Movie Article

L.A. Confidential

L.A. critics cancel awards over Oscar DVD ban. Hollywood's hometown movie reviewers say they can't do their jobs without the year-end home video screeners

At last, film critics have found a Hollywood creation they loathe even more than ''Gigli.'' It's the Motion Picture Association of America's recently announced ban on year-end home videos for awards voters, including members of the Academy and reviewers like themselves who are members of various cities' critics circles. Besides the hundreds of Hollywood actors, writers, and directors who have openly criticized the ban, film critics associations in Washington, D.C., and Chicago have given thumbs-down to the MPAA move, with Chicago group calling it the worst Hollywood decision since the blacklist in the 1950s. Now, Hollywood's hometown critics have taken their opposition one step further. The Los Angeles Film Critics announced on Sunday that, unless the MPAA lifted the ban, it would cancel its annual awards ceremony.

Acting at the behest of the seven major Hollywood studios that are its members, the MPAA announced the ban on Sept. 30 as a measure to combat piracy, but the ban's critics have said it tilts the playing field away from sparsely distributed, low-budget movies, which have done well at awards galas (and subsequently, at the box office) in recent years, thanks in part to exposure to voters via ''screener'' DVDs and VHS tapes, favoring instead big-budget spectacles from major studios that can afford to book them widely enough to give awards juries ample opportunities to see them in theaters. The Los Angeles critics, in a statement, said they ''are committed in our annual awards process to a fair and unbiased evaluation of all films theatrically screened in Los Angeles during the year, whatever their budget or production source,'' but that ''the ban on screeners seriously inhibits our ability to work as professionals and compromises the integrity and fairness of the evaluative process.''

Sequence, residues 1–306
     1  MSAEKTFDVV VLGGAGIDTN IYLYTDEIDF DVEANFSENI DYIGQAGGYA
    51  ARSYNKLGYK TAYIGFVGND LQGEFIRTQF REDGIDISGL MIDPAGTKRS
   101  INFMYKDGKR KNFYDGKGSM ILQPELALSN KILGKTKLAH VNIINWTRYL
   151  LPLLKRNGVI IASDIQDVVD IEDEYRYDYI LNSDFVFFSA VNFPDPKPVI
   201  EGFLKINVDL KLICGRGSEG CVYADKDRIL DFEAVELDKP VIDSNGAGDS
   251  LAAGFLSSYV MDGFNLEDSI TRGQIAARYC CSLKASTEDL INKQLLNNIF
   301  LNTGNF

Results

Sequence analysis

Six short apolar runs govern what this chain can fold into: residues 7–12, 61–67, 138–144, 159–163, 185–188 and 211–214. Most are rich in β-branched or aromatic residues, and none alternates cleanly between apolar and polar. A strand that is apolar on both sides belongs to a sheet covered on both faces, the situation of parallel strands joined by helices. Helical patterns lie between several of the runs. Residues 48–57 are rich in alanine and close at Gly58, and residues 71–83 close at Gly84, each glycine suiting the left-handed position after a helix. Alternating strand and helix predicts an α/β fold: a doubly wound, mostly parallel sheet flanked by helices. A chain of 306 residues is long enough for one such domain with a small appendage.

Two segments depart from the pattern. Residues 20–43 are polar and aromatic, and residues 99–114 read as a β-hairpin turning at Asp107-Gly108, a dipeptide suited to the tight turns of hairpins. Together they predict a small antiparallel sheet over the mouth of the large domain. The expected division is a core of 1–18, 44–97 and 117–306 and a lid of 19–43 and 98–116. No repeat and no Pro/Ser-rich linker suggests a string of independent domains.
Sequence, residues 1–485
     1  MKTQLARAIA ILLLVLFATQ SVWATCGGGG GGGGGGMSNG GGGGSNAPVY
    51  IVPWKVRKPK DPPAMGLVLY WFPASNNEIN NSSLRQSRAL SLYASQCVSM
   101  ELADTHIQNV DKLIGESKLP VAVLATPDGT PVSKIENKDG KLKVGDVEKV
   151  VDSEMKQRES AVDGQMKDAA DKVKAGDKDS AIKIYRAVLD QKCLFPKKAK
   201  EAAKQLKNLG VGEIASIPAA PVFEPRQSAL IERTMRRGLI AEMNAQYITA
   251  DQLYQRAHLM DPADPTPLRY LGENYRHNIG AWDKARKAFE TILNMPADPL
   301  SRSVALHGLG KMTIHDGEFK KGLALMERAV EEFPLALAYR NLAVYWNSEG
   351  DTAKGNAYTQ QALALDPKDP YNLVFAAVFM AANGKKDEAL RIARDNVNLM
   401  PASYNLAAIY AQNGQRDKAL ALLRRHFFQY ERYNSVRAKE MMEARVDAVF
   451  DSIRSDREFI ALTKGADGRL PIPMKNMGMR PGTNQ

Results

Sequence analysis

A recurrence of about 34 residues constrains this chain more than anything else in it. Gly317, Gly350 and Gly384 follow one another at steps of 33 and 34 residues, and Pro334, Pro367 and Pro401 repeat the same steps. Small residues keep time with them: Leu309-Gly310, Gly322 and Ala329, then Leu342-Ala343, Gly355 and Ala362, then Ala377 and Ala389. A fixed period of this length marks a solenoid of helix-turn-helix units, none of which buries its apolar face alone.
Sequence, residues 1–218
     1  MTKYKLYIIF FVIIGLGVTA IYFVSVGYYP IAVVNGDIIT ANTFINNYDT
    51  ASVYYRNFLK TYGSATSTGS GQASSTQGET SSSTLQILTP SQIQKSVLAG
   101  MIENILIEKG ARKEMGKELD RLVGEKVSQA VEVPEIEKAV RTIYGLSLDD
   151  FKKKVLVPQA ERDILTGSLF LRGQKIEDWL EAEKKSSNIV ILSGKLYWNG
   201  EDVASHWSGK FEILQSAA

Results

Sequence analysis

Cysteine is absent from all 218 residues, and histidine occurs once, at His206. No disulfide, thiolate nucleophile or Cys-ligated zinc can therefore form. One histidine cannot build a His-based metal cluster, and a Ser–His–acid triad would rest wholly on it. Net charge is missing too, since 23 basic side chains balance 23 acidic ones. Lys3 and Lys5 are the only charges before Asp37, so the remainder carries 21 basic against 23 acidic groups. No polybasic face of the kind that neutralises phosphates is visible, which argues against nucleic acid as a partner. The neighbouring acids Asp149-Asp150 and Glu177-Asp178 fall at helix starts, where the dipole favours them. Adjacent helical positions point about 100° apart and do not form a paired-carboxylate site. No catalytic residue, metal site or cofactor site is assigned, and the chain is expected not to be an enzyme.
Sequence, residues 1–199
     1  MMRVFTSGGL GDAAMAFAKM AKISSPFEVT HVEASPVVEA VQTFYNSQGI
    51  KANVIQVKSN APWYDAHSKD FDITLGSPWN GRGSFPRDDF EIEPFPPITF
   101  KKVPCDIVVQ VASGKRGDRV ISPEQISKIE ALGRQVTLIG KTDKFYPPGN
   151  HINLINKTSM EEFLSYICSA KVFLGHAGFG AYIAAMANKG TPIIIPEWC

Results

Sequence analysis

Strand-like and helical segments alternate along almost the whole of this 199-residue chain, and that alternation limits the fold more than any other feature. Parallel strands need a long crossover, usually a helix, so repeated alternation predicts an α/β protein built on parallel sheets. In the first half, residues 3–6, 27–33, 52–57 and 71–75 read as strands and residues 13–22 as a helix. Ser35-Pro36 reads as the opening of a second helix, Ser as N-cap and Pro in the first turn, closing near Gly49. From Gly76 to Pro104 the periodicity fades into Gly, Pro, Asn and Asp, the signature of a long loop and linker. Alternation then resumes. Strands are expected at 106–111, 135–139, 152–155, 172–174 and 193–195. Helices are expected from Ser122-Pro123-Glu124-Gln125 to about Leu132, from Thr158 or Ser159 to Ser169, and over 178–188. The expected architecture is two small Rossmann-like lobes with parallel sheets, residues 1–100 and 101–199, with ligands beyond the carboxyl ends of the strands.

The MPAA has said the ban will remain in place, though in a meeting with studio execs last week it discussed possible compromises, like sending out VHS tapes coded so as to identify their source if they're leaked to pirates. Meanwhile, the New York Film Critics Circle, which, like the L.A. group, makes use of screeners to help pick winners for its annual awards ceremony, announced Monday that this year's prize vote and awards dinner would take place as scheduled, ban or no ban.

Originally posted Oct 20, 2003
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